(in)Habitation – Jason J. Ferguson, Matt Kenyon and Osman Khan
The Museum of Contemporary Art Detroit
4454 Woodward Ave
Detroit, MI 48201
June 7 – July 28
The Museum of Contemporary Art Detroit (MOCAD) will be presenting (in)Habitation on Friday, June 7, 2013. The exhibition runs through July 28, 2013.
(in)Habitation is a (re)consideration of domesticity featuring the work of Jason J. Ferguson, Matt Kenyon and Osman Khan and is curated by Gregory Tom. Ubiquitous elements of the home — for instance, a table and chairs, a houseplant, or a simple beam — are altered or subverted by complex ideas about faith, the current mortgage crisis, globalization and even classic American representations of family fun. The sculptural works featured are both serious and playful. They engage through movement, flashing lights and the spectacular, but ultimately lead us to question our existing biases and assumptions about what the idea of “home” really means.
Jason J. Ferguson is a large-scale object maker interested in the relationship between art, science and experience. His work spans multiple media, juxtaposing seemingly unrelated subjects to create performance, video and sculptural work. He has exhibited his work at Kunst in Kolderveen, the Netherlands; Directors Lounge, Berlin, Germany; International Museum of Surgical Science, Chicago; Bric Rotunda Gallery, Brooklyn; Gallery Four, Baltimore; and the Delaware Center for the Contemporary Arts in Wilmington. He is an assistant professor in the Art Department of Eastern Michigan University, where he teaches sculpture and 3-D design.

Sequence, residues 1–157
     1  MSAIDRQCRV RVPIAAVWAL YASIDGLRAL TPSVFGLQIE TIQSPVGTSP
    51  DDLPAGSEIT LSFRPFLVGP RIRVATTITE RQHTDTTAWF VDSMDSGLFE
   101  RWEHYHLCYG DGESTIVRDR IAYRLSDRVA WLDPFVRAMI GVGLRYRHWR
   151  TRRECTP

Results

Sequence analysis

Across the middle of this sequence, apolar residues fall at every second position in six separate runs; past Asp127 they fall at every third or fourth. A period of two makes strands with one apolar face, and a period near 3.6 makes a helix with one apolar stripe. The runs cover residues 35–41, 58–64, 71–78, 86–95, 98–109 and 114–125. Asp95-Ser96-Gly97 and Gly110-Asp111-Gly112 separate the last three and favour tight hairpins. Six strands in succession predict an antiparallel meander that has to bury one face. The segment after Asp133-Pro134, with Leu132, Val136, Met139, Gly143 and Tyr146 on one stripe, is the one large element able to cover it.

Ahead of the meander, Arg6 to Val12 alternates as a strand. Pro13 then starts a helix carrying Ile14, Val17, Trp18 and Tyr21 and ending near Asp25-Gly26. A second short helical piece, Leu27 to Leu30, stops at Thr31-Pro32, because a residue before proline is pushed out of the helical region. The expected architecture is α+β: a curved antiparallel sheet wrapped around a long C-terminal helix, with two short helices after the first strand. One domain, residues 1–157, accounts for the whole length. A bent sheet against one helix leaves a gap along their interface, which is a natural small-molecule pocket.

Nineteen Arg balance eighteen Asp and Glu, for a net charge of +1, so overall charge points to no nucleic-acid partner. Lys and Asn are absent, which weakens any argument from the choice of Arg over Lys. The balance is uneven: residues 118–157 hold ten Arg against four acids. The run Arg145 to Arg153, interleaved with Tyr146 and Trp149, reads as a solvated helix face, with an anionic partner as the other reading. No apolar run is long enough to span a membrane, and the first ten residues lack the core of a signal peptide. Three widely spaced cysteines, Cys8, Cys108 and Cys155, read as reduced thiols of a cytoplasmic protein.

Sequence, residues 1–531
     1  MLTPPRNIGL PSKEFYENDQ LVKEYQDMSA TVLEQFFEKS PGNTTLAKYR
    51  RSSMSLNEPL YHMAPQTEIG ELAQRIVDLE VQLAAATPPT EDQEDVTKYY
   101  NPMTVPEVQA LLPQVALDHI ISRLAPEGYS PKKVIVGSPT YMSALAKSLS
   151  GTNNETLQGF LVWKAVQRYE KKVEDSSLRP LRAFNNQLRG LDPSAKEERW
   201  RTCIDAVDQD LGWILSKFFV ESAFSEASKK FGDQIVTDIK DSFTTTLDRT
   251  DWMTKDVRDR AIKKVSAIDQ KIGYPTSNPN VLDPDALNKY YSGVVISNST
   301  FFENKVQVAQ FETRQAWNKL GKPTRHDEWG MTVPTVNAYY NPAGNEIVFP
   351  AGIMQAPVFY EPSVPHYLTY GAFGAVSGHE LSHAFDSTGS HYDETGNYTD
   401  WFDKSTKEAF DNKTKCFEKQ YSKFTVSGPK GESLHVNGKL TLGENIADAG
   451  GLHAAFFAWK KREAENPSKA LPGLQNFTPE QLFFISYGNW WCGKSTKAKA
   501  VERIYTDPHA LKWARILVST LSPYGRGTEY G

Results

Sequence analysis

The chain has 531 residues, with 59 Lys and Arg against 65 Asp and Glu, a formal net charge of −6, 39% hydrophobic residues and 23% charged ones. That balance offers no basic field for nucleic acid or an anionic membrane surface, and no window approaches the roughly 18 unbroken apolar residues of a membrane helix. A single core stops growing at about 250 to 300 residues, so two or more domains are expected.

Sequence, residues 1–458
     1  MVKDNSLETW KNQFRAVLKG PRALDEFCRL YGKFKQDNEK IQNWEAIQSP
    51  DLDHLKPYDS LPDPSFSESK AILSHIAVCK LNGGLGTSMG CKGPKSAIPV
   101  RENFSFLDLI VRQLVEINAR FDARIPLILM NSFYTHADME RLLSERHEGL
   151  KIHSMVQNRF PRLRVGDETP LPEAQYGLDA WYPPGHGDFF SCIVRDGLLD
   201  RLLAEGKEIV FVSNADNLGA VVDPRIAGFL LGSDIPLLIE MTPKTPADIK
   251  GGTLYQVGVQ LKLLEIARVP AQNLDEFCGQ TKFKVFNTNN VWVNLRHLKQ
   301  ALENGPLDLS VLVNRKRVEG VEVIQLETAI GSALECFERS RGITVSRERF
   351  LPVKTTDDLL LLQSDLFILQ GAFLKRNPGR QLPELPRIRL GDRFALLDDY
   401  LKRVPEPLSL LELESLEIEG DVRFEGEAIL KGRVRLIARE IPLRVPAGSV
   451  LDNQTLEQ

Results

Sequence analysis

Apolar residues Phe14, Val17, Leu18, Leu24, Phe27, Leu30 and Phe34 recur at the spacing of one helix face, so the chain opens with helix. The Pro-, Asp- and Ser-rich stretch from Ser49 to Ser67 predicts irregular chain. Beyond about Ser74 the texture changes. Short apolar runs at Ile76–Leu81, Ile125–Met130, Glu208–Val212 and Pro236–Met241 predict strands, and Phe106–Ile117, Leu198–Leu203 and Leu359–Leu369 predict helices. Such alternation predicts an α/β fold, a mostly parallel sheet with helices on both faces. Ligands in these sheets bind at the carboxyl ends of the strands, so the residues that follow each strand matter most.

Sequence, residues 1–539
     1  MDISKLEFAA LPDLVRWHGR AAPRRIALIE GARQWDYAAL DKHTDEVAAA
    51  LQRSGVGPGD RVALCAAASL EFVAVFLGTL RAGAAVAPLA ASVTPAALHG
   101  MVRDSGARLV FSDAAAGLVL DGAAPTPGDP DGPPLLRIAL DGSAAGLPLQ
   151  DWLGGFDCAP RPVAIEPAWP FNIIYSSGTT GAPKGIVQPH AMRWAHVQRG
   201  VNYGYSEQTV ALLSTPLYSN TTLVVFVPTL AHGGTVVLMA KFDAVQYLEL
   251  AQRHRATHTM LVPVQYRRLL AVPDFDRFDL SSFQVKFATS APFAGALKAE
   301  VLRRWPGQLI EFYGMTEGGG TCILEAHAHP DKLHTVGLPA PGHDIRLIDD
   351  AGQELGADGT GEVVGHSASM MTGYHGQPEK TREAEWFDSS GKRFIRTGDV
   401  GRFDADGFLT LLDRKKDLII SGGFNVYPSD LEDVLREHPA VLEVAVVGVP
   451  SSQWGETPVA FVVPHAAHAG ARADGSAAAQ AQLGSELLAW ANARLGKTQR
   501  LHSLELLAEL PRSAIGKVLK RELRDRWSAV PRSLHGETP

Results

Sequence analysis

Matt Kenyon is interested in the convergence of art, emerging technologies and popular culture. His recent works often feature wearable computing technologies or robotics to express a cultural critique. He has exhibited his work at the Museum of Modern Art, New York; Exit Art Gallery, New York; MIC Toi Rerehiko Gallery, New Zealand; Science Gallery, Dublin, Ireland; The Edith Russ Site for Media Art, Oldenburg, Germany; and FACT (Foundation for Art and Creative Technology) in Liverpool, England. He is an associate professor in the Penny W. Stamps School of Art & Design at the University of Michigan, where he teaches physical computing, video and 3D animation.
Osman Khan uses technology to construct artifacts, interactive installations and site-specific interventions for social criticism and aesthetic expression, to show how technology fabricates as well as subverts our understanding of identity, communication and public space. His work has been exhibited at Shanghai Biennale; ZeroOne Festival, in San Jose; L.A. Louver, Bank, and Telis, all in Los Angeles; Witte de With, Centre for Contemporary Art, the Netherlands; Ars Electronica Center, Linz, Austria, O.K Center for Contemporary Art, Linz, Austria; Socrates Sculpture Park, New York, USA SIGGRAPH, San Diego; He is currently an assistant professor at the Penny W. Stamps School of Art & Design at the University of Michigan, where he teaches computational media, sculpture and social practice.